FeaturedPublications

Processes of Reintegrating Central Asian Returnees from Syria and Iraq

Processes of Reintegrating Central Asian Returnees from Syria and Iraq

Wednesday, July 21, 2021

By: William B. Farrell;  Rustam Burnashev;  Rustam Azizi;  Bakhtiyar Babadjanov

In the wake of the loss of the Islamic State’s territorial holdings, the return of foreign fighters and their families to their home countries is a top international concern. Among the short list of governments that have initiated repatriation programs, the Central Asian republics of Kazakhstan, Tajikistan, and Uzbekistan stand out. This report examines the different approaches the three countries have taken and draws important lessons for other nations considering their own repatriation and reintegration programs.

Type: Special Report

Violent Extremism

Looking for Trouble: Sources of Violent Conflict in Central Asia

Looking for Trouble: Sources of Violent Conflict in Central Asia

Wednesday, November 18, 2020

By: Gavin Helf, Ph.D.

This report offers a road map for understanding the most likely sources of violent conflict in the post-Soviet nations of Central Asia—ethno-nationalism and nativism, Islam and secularism, water resources and climate change, and labor migration and economic conflict. The analysis draws from emerging trends in the region and identifies the ways in which Central Asia’s geography and cultural place in the world interact with those trends. It suggests that the policy goals of the United States, Russia, and China in the region may be more compatible than is often assumed.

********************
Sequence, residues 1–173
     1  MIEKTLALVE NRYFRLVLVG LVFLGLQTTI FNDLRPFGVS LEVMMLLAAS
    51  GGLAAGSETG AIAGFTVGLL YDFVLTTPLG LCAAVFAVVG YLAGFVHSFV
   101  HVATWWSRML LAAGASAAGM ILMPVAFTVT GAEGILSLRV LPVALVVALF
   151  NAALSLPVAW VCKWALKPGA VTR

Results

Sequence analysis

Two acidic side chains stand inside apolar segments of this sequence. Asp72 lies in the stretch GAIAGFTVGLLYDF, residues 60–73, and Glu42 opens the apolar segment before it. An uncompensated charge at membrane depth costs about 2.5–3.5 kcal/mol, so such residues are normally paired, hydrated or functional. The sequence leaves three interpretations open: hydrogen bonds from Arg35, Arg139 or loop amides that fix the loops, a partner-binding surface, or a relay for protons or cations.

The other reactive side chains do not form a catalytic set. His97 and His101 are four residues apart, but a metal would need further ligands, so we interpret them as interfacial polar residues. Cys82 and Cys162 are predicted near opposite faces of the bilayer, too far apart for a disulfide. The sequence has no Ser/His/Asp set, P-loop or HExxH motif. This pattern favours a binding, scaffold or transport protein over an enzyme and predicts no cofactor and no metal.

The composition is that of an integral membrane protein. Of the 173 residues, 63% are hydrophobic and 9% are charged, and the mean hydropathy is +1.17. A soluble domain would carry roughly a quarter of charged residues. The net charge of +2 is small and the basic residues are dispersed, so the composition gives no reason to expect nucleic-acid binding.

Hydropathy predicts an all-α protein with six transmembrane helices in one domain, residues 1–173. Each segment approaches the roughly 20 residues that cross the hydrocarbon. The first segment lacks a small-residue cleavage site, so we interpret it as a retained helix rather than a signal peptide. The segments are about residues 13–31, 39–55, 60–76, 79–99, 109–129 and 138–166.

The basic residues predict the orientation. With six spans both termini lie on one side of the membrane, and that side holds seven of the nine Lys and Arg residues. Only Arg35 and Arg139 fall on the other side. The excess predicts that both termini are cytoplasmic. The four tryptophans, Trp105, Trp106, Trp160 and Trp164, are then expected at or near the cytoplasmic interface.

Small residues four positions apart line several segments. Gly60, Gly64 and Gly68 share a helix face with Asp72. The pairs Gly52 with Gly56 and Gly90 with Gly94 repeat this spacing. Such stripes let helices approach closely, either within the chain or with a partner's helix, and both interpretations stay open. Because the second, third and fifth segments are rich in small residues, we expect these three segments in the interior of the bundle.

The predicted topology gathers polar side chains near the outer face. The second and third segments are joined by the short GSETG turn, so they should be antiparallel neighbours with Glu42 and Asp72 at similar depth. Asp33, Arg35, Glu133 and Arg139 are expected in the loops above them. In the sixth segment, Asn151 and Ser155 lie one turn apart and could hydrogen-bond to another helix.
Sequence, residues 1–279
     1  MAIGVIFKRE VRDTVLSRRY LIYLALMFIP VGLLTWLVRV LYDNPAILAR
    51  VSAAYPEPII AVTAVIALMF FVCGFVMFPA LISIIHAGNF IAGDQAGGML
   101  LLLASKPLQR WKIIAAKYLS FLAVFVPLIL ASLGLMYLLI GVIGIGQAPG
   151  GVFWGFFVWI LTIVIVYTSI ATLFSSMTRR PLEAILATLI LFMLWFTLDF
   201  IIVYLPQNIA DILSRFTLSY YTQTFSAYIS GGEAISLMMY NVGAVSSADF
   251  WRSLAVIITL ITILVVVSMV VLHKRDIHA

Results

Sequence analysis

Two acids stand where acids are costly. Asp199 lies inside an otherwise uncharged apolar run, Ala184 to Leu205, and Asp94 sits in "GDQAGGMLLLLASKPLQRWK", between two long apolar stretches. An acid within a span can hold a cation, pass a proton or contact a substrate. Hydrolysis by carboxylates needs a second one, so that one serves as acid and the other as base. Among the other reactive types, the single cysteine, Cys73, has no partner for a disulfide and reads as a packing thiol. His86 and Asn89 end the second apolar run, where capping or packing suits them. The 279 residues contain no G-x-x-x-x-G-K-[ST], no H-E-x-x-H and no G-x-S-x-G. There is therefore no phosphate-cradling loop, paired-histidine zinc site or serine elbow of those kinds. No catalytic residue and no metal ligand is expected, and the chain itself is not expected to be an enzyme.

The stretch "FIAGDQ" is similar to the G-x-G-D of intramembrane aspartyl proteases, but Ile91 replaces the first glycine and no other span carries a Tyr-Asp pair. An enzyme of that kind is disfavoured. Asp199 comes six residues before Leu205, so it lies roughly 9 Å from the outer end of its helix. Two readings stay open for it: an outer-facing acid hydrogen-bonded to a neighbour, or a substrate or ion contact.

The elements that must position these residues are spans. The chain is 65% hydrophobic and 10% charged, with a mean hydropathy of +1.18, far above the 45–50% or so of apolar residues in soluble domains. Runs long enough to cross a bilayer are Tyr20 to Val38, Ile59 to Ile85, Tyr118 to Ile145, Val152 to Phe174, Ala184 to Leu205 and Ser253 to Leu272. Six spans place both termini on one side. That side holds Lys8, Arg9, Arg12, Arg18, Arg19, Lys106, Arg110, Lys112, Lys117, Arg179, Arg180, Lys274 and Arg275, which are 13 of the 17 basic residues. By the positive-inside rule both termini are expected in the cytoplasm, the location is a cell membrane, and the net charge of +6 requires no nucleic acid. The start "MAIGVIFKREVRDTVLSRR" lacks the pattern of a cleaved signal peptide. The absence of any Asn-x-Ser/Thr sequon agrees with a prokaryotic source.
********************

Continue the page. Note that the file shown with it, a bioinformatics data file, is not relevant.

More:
Type: Special Report

Conflict Analysis & Prevention

Central Asia and Coronavirus: When Being Nomadic Isn’t Enough

Central Asia and Coronavirus: When Being Nomadic Isn’t Enough

Friday, April 3, 2020

By: Gavin Helf, Ph.D.

“Do you know how nomads prevent conflict?” a Kazakh friend once asked me. “I turn this way; you turn the other way. We start walking.” In ordinary times in Central Asia, this traditional “social distancing” may be enough to avert friction. But in a time of pandemic, it isn’t. Like elsewhere, the novel coronavirus is challenging Central Asian states and societies in new ways and revealing a great deal about the character of peoples and their governments. Here’s a look across the region at how the crisis has affected its states and how leaders have responded.

Type: Analysis and Commentary

Fragility & ResilienceGlobal Health

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